var r = color_tool.AddParameter( "R", siDouble );
			var g = color_tool.AddParameter( "G", siDouble );
			var b = color_tool.AddParameter( "B", siDouble );
			var a = color_tool.AddParameter( "A", siDouble );
			
			var layout = color_tool.PPGLayout ;

			layout.AddGroup( "Color" );
			item = layout.AddColor( "R", "",true );
			item.SetAttribute( "NoLabel", true );
			layout.EndGroup();

			layout.AddRow();
			layout.AddButton( "ColorizeObject", "Colorize object" );
			layout.EndRow();

			layout.Language = "JScript" ;
			layout.Logic = ColorizeTool_ColorizeObject_OnClicked.toString();

			layout.SetAttribute( "LogicPrefix", "ColorizeTool_" ) ;
        }
        InspectObj( color_tool, "Colorize Tool", "", siLock ); 
}
function ColorizeTool_ColorizeObject_OnClicked()
{
		LogMessage( "v0.5" );
		ColorizeObject( PSet.R.Value,PSet.G.Value,PSet.B.Value );
}			

But this code doesn’t let you change the color in-between picks. So I modified the original example script and put a while loop around the call to PickObject (line 62), and I changed the script to get the colors directly from the color widget (line 78). That way, you can set the wire color, pick an object to apply the wire color, set another wire color, pick another object, and so on…

CreateColorizeTool();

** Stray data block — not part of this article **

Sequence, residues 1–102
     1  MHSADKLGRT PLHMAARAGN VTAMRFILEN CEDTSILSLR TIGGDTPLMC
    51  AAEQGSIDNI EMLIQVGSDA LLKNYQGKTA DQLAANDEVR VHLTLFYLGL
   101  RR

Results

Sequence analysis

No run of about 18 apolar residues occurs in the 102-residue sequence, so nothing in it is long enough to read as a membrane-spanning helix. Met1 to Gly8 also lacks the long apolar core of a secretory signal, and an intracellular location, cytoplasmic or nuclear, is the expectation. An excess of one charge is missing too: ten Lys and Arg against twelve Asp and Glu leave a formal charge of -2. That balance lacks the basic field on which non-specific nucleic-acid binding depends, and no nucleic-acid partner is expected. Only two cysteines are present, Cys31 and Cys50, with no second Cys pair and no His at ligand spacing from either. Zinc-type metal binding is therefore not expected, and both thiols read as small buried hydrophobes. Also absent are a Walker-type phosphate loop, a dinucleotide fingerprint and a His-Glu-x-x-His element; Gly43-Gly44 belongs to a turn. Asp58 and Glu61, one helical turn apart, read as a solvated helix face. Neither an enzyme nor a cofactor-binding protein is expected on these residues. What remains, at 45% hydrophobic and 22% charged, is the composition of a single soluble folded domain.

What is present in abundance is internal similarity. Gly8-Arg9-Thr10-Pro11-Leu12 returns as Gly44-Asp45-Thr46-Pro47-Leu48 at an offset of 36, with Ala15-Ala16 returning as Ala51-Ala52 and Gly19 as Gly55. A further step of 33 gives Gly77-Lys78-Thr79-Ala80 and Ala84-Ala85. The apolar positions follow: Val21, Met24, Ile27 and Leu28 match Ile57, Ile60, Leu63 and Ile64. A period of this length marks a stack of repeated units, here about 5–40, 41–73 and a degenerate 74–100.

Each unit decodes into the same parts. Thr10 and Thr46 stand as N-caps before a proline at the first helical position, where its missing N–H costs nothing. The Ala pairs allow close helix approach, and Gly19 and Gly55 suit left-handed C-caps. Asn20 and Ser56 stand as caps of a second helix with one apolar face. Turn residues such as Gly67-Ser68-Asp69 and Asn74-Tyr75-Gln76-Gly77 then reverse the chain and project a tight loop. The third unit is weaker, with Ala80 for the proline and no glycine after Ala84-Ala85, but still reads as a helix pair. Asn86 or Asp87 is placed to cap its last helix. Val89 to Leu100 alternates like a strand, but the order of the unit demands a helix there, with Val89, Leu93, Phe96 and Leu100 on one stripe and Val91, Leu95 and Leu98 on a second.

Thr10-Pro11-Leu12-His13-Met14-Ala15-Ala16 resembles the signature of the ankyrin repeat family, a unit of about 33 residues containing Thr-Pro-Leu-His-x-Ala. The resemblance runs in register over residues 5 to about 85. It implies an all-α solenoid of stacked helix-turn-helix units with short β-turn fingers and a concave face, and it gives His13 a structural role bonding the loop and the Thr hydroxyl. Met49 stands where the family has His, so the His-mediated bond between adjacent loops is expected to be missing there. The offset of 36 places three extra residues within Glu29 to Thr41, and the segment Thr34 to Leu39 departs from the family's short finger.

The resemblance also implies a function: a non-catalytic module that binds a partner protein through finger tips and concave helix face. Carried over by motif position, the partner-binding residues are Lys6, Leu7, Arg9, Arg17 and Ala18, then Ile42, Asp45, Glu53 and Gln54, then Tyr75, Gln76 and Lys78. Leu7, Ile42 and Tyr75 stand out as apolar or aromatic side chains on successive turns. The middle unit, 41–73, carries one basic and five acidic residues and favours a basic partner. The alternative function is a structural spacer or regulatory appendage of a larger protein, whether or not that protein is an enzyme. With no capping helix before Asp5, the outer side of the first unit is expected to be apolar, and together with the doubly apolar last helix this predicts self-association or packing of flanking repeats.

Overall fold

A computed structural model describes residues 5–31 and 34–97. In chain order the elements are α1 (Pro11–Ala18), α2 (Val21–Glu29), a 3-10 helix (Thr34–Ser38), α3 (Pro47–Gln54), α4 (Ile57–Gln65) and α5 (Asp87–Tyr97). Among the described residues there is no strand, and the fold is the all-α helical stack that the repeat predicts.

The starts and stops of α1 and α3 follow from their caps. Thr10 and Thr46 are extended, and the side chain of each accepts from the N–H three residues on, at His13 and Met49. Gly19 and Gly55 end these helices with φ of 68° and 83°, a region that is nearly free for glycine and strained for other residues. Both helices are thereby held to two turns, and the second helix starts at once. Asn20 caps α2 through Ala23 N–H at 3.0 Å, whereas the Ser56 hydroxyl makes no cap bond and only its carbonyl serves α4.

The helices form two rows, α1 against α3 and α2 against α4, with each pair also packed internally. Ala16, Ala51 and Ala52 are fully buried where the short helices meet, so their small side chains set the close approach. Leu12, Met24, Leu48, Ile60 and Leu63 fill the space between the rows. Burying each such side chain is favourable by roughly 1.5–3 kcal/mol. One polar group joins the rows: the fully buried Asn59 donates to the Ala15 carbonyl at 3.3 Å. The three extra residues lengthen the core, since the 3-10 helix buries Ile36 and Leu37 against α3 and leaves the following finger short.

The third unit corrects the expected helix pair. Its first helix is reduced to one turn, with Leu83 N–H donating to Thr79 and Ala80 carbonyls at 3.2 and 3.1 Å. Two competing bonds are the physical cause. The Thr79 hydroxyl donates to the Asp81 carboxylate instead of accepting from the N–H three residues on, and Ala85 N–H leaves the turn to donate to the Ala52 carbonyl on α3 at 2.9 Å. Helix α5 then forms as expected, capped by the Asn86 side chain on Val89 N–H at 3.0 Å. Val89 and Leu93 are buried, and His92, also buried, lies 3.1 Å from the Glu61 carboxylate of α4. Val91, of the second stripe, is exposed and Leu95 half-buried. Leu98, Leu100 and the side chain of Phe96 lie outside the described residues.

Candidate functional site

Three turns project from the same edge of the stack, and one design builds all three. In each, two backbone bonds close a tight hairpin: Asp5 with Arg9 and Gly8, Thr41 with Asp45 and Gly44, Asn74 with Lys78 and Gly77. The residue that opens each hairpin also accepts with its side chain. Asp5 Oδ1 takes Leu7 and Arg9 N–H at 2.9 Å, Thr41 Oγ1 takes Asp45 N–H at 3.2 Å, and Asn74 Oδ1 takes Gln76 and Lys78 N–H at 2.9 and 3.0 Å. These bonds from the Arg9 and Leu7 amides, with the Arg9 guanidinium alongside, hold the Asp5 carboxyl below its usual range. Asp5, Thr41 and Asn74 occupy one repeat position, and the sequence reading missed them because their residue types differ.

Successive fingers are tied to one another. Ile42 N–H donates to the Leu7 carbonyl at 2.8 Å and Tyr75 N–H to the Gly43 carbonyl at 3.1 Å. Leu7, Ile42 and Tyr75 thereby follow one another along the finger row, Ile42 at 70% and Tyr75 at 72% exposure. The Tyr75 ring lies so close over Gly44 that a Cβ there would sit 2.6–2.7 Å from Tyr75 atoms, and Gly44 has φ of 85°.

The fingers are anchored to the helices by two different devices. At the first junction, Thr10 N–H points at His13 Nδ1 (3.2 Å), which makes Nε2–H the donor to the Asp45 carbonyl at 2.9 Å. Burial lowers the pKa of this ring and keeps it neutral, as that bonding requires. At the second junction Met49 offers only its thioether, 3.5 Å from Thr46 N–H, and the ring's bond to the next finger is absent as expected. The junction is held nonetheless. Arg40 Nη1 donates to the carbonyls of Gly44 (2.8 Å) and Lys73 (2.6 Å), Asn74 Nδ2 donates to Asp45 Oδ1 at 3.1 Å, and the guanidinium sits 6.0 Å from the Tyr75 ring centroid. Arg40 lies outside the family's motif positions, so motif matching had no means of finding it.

function CreateColorizeTool()
{
	var color_tool = XSIFactory.CreateObject( "CustomProperty" )
    if (color_tool)
    {
		var color_tool = ActiveSceneRoot.AddCustomProperty( "ColorizeTool" );
		var wirecolor = color_tool.AddParameter( "wirecolor", siInt4 );
		wirecolor.ReadOnly = true;
		var r = color_tool.AddParameter( "R", siDouble );
		var g = color_tool.AddParameter( "G", siDouble );
		var b = color_tool.AddParameter( "B", siDouble );
		var a = color_tool.AddParameter( "A", siDouble );
		var layout = color_tool.PPGLayout ;
		layout.AddRow();
		var item = layout.AddItem( "wirecolor", "wirecolor" );
		item.SetAttribute( "NoSlider", true );
		layout.AddButton( "ColorizeObject", "Colorize object" );
		layout.EndRow();
		layout.AddGroup( "Color" );
		item = layout.AddColor( "R", "",true );
		item.SetAttribute( "NoLabel", true );
		layout.EndGroup();
		layout.Language = "JScript" ;
		layout.Logic = 
				ColorizeTool_R_OnChanged.toString() + 
				ColorizeTool_G_OnChanged.toString() + 
				ColorizeTool_B_OnChanged.toString() + 
				RGBToWireframeColor.toString() + 
				ColorizeTool_ColorizeObject_OnClicked.toString();
		layout.SetAttribute( "LogicPrefix", "ColorizeTool_" ) ;
	}
	InspectObj( color_tool, "Colorize Tool", "", siLock ); 
}

function ColorizeTool_R_OnChanged()
{
        PSet.wirecolor.ReadOnly = false;
        PSet.wirecolor.Value = RGBToWireframeColor(PSet.R.Value,PSet.G.Value,PSet.B.Value);
        PSet.wirecolor.ReadOnly = true;
}
function ColorizeTool_G_OnChanged()
{
        PSet.wirecolor.ReadOnly = false;